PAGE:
Of course, this is if we assume that Newsom was behaving in a hypocritical manner. I think there is ample reason to believe that he did. In his apology, Newsom does say that he has to hone up for what he has done. So far so good. Rather than state whether or not he blames himself, Newsom clearly fails to accept blame.

He says: “I want to apologize because I need to preach and practice. Not just preach. And I’ve done my best to do that. We’re all human. We all fall short sometimes. We’ve been out three times. […] We had an early dinner but didn’t matter. I shouldn’t have been there. I should’ve turned around. So when that happens you gotta pay the price, but you also hone the mistake. You don’t ever make it again.”

Newsom criticises people for not following state orders. Is he a hypocrite?

If I can be generous, I would say fair enough (and think privately, he’s only sorry because he got caught). But Newsome continues, later he saying: “When I say minimize mixing, I mean it. And covid fatigue is exhausting. I’m empathetic beyond words.”

Rather than truly sound apologetic, Newsom gives the impression that he doesn’t think he did anything wrong. Rather he simply did what a large percentage of Californians have done: break COVID orders.

According to Notre Dame philosopher Benjamin Rossi, the lack of being able to accept blame is the constitutive feature of hypocrisy. Interestingly, being able to accept blame is not restricted to blame from others, but it also includes blaming oneself. In other words, if Newsom blamed himself (and overtly showed this) and made his apology personal, then the public could have very well been more sympathetic. Rather than say he is empathetic, and that he should have known better, he could have humanized himself–he too is suffering from covid fatigue, and he blames himself for succumbing to temptation.

But even if we are generous to Newsom and try to be understanding, there is a glaringly obvious problem. It’s not that Newsom may have only gone out three times. Rather, there is significance in the manner in which he went out, how he may have lied about being indoors (was it a slip of the tongue or was it intentionally misleading?), and finally, how he ordered a subsequent curfew and lockdown just days after he said that he was empathetic to COVID fatigue. And this significance is on a far higher magnitude than the legislators who went to Hawaii. After all, it is Newsom, not the legislators, who consistently criticizes those who break COVID orders, and it is Newsom who literally orders us how to behave.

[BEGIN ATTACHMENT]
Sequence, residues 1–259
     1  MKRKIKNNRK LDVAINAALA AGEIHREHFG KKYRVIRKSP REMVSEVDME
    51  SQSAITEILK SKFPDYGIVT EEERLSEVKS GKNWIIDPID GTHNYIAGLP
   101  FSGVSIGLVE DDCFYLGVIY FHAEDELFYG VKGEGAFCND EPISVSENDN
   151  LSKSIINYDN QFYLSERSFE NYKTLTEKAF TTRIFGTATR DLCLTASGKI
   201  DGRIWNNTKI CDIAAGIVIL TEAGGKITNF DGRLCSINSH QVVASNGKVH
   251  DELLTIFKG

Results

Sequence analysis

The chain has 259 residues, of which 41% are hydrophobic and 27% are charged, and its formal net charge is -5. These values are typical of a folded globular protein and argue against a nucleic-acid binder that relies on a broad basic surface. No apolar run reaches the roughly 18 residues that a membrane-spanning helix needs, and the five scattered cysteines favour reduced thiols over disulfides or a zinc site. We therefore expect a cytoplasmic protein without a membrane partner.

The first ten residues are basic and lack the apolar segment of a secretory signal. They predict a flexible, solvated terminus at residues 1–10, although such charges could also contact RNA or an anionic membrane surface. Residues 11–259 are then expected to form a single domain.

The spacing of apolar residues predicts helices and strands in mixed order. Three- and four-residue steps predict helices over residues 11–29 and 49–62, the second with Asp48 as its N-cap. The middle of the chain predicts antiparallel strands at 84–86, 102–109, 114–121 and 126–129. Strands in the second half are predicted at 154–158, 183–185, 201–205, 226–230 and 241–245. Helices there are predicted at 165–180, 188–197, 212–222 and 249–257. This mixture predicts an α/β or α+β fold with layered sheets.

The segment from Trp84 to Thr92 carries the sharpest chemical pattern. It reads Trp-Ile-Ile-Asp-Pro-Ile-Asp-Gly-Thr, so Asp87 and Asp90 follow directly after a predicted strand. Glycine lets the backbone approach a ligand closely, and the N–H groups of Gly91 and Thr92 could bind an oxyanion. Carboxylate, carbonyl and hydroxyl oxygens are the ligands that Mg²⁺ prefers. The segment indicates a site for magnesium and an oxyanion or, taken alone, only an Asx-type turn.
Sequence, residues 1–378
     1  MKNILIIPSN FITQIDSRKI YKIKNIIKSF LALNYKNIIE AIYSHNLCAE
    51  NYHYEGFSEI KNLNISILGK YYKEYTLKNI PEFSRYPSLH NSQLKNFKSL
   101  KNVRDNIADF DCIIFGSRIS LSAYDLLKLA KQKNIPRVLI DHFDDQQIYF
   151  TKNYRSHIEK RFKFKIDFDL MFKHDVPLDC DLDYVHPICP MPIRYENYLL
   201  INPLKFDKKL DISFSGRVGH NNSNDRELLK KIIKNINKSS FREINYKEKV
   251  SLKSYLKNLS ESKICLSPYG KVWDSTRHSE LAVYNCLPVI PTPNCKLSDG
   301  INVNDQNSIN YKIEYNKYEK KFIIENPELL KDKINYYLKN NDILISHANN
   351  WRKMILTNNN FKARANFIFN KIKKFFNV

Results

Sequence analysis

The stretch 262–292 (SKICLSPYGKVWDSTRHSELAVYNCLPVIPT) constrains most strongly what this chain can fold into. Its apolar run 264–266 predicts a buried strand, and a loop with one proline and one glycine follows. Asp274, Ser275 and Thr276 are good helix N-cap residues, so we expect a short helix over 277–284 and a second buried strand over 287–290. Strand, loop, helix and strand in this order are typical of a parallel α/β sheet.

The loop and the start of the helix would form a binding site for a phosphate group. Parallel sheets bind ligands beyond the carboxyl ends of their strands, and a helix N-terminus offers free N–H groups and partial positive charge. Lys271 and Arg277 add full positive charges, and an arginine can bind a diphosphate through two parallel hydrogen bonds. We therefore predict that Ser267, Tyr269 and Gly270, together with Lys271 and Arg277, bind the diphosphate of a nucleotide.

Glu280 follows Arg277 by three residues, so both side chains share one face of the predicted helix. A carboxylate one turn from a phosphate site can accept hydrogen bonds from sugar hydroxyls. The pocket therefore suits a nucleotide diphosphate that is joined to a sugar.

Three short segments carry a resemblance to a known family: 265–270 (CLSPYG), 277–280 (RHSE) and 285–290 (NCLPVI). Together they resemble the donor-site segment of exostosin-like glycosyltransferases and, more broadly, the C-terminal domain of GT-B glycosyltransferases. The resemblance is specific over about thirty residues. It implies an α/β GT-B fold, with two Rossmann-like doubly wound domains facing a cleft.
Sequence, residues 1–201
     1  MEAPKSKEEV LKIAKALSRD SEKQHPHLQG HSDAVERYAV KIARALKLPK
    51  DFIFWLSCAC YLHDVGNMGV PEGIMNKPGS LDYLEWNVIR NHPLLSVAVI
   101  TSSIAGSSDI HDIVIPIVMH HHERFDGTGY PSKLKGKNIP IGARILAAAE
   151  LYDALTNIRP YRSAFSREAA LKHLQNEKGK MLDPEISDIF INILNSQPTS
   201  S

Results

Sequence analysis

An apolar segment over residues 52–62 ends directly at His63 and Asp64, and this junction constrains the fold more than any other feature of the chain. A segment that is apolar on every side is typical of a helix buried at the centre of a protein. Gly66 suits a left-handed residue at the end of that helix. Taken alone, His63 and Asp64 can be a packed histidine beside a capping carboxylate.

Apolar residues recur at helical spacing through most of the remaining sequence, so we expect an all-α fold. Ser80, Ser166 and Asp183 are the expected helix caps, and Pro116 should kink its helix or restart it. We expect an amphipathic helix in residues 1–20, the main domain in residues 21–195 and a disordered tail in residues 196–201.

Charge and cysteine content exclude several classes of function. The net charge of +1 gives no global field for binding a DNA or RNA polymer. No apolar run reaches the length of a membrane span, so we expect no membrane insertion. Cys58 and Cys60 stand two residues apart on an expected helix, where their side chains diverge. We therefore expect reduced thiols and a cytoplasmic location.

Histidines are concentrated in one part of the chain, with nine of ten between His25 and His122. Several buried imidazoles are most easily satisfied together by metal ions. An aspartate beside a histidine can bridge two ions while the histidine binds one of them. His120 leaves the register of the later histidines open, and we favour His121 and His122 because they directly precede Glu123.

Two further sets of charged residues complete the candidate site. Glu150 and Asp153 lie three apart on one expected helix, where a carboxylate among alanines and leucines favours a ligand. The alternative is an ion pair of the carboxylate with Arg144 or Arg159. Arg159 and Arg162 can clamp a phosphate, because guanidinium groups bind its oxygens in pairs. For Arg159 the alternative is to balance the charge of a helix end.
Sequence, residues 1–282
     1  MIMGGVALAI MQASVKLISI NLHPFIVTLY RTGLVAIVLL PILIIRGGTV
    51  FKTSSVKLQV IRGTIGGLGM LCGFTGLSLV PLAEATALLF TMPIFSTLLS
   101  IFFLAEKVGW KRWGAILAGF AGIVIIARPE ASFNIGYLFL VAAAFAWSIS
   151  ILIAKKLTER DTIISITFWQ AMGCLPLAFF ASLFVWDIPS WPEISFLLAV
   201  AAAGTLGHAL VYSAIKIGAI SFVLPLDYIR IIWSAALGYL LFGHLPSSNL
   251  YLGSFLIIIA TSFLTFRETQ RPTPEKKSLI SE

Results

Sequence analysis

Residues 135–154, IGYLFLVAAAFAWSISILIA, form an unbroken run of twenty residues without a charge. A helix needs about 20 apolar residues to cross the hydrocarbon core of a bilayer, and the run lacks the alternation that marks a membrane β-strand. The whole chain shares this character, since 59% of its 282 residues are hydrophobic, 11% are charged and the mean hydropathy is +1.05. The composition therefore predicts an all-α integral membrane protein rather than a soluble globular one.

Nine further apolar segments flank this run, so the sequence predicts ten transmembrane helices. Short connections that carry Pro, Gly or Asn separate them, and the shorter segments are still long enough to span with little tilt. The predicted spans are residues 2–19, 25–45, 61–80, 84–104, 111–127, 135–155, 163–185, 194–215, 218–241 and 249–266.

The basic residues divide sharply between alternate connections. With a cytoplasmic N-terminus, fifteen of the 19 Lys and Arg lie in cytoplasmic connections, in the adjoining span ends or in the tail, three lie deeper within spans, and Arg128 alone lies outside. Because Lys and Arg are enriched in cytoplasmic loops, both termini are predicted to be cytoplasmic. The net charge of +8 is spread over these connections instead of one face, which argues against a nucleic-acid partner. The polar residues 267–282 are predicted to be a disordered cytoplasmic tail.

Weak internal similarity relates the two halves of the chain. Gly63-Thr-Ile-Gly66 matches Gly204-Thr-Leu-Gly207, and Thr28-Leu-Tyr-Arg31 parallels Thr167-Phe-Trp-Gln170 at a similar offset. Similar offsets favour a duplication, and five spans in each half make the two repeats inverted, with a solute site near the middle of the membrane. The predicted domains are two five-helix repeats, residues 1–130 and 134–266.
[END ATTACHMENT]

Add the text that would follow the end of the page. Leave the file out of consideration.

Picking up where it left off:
As this post goes to press, today at 10 PM local time, California will ban outdoor dining. Many businesses will suffer. Some may never return. While California enjoys mild year-long weather perfectly suitable for outdoor dining, our governor may very well force us into the enclosed, poorly-ventilated spaces that facilitate COVID-19 transmission. Unfortunately, for a governor who has done so well in leading California in the war against COVID-19, voters may never forgive him for restricting safe dining when he himself partook in risky dining. Only time will tell if Californians will punish Gavin Newsom in the 2022 election.


What do you think about the philosophical literature on hypocrisy? Do you agree that Gavin Newsom and/or the Californian legislators are hypocrites? Do you think the curfew and dining restrictions are warranted? Let me know in the comments!

Cover Image: Riviera Village, Redondo Beach, CA

Paul Geerligs

Paul Geerligs

Philosophy grad student on a journey to relate philosophy to everyday life. Dutch/Mexican/Californian.
Los Angeles